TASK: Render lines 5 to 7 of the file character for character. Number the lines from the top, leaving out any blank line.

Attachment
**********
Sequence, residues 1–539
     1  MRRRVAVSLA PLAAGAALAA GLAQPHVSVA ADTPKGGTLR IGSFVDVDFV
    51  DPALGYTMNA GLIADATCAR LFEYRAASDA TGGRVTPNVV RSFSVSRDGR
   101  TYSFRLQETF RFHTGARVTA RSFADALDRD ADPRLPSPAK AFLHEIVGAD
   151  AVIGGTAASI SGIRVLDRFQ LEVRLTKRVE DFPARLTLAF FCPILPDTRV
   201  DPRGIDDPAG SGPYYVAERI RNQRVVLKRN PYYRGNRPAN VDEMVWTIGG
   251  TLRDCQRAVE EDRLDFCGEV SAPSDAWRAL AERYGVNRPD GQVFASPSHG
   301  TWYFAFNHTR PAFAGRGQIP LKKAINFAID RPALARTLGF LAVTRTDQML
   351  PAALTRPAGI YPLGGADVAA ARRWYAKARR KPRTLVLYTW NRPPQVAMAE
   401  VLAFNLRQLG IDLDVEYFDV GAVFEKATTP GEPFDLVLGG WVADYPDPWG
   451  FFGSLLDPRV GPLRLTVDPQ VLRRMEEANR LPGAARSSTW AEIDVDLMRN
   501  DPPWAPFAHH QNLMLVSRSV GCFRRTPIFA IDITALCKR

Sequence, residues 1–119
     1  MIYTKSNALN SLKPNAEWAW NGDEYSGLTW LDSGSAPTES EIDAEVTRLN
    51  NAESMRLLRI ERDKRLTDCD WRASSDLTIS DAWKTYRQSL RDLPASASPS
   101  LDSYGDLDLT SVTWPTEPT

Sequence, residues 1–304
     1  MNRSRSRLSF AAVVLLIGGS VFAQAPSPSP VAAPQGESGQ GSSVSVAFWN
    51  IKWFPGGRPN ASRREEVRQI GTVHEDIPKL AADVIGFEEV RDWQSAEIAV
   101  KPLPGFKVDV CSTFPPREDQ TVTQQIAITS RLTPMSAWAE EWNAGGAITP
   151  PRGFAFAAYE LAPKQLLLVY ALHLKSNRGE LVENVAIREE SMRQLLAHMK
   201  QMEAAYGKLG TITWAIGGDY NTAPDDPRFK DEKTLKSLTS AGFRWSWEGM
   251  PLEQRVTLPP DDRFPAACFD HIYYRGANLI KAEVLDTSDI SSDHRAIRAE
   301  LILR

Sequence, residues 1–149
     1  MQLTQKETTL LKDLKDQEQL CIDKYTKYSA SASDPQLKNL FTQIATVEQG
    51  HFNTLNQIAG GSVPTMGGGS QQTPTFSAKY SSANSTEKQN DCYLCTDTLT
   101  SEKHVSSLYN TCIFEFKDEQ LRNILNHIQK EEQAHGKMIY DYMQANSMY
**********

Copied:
   151  AVIGGTAASI SGIRVLDRFQ LEVRLTKRVE DFPARLTLAF FCPILPDTRV
   201  DPRGIDDPAG SGPYYVAERI RNQRVVLKRN PYYRGNRPAN VDEMVWTIGG
   251  TLRDCQRAVE EDRLDFCGEV SAPSDAWRAL AERYGVNRPD GQVFASPSHG